More psychologists would limit emergency room visits, group says
Association responds to incident where woman with eating disorder was turned away from hospital
The Association of Psychology in Newfoundland and Labrador says emergency staff must be trained properly in how to respond to people going through a crisis.
Spokesperson Jennifer Neil said otherwise patients may give up if they don't get the help they're seeking.
The association has responded to last week's incident involving Carla Lamb of Clarenville, who went to that town's hospital emergency department for help with a serious eating disorder, but was turned away.
"We need to strike when the iron is hot. When people are in crisis, they are more willing to engage in the mental health system — and if that first contact they have with a professional is a negative one, then they are much less likely later on to re-engage. So we've kind of lost that opportunity to help that person," said Neil.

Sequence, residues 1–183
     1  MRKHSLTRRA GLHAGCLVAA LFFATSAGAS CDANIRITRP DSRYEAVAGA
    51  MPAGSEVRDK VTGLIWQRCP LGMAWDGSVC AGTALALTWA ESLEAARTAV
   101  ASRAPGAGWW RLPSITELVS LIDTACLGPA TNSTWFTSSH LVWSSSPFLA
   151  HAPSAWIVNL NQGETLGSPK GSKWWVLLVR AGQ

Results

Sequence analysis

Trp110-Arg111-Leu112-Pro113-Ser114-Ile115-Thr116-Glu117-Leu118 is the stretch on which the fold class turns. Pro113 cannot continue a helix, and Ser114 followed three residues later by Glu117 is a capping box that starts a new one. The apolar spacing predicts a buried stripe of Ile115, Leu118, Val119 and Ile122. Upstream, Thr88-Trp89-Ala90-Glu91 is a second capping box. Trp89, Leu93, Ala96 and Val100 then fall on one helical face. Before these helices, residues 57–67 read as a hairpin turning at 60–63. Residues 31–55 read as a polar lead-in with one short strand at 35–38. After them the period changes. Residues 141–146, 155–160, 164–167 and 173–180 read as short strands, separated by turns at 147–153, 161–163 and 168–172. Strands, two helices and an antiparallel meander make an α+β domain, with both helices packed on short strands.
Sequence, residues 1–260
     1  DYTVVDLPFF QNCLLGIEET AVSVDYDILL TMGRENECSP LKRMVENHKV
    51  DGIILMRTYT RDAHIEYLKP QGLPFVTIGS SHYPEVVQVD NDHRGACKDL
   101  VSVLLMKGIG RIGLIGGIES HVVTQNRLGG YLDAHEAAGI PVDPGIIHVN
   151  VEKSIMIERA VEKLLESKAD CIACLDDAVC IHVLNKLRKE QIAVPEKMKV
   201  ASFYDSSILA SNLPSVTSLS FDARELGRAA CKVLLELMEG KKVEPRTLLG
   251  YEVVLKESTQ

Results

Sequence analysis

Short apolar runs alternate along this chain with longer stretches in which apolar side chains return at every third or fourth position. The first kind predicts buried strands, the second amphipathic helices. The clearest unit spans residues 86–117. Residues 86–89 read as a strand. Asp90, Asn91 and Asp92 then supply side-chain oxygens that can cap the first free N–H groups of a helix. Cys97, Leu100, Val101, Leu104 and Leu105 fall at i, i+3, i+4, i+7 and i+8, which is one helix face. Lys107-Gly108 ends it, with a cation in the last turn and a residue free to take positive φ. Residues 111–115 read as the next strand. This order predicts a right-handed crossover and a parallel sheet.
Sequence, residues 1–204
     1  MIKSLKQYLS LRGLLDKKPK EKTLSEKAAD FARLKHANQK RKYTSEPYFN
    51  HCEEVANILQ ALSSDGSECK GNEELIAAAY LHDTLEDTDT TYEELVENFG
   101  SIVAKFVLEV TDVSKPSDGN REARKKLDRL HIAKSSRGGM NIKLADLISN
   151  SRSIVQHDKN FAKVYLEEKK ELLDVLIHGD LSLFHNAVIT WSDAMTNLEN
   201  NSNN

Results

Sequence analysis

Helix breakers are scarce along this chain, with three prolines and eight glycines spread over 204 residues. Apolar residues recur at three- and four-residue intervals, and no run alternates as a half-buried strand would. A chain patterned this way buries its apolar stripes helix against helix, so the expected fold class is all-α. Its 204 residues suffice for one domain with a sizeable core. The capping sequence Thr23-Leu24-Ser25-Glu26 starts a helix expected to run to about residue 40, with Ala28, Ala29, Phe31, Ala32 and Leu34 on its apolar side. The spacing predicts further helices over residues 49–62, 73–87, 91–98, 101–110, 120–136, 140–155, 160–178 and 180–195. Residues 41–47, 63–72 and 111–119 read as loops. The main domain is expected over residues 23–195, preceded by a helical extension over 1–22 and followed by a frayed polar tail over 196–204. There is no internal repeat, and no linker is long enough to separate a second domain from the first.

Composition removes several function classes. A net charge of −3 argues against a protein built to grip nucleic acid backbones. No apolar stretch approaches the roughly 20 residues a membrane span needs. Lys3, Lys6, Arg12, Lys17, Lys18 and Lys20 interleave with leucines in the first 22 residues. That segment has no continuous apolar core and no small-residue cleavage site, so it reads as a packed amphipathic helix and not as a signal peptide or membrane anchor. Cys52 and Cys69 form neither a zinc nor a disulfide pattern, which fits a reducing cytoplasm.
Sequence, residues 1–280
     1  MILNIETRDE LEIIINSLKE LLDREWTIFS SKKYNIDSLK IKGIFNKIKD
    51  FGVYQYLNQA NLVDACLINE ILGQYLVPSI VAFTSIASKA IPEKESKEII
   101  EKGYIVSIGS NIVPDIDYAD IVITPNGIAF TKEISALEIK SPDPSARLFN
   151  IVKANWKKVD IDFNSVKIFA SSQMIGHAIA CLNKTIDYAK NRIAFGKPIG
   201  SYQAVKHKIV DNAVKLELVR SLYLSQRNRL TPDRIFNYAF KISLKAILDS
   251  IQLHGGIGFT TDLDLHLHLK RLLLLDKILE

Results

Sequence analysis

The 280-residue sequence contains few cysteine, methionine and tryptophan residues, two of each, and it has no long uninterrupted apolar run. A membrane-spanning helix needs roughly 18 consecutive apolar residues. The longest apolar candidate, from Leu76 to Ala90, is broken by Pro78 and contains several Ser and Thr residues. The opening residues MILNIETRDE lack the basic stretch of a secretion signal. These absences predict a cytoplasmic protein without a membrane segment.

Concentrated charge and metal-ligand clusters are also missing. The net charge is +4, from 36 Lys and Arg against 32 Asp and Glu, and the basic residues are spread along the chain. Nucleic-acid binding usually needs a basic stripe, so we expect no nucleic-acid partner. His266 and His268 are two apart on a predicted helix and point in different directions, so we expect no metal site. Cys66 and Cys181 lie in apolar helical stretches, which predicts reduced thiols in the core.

Neil said if there were more psychologists in the province, fewer people in crisis would be showing up at hospital emergency rooms.
She said there is one psychologist for every 2,500 people in Newfoundland and Labrador.
When people are in crisis, they are more willing to engage in the mental health system- Dr. Jennifer Neil
Neil said unless more are recruited, there will be more mental health emergencies like Lamb's.
Lamb has a severe eating disorder and was told by a triage nurse to leave and get something to eat, and come back if she was not feeling better.
"Psychologists can be very preventative in mental health, and reduce emergency room visits," said Neil.